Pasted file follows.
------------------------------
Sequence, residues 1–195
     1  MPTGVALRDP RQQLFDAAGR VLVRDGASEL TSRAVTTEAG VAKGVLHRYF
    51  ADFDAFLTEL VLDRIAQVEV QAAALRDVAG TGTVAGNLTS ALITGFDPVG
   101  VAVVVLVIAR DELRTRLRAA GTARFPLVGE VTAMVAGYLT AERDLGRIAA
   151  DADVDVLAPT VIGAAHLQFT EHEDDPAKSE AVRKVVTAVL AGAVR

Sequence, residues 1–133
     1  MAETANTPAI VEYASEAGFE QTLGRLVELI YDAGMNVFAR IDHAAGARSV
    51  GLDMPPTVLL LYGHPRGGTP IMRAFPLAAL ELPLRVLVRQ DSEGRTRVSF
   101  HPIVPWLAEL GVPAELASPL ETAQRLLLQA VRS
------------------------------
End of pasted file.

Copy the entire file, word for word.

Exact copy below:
Sequence, residues 1–195
     1  MPTGVALRDP RQQLFDAAGR VLVRDGASEL TSRAVTTEAG VAKGVLHRYF
    51  ADFDAFLTEL VLDRIAQVEV QAAALRDVAG TGTVAGNLTS ALITGFDPVG
   101  VAVVVLVIAR DELRTRLRAA GTARFPLVGE VTAMVAGYLT AERDLGRIAA
   151  DADVDVLAPT VIGAAHLQFT EHEDDPAKSE AVRKVVTAVL AGAVR

Sequence, residues 1–133
     1  MAETANTPAI VEYASEAGFE QTLGRLVELI YDAGMNVFAR IDHAAGARSV
    51  GLDMPPTVLL LYGHPRGGTP IMRAFPLAAL ELPLRVLVRQ DSEGRTRVSF
   101  HPIVPWLAEL GVPAELASPL ETAQRLLLQA VRS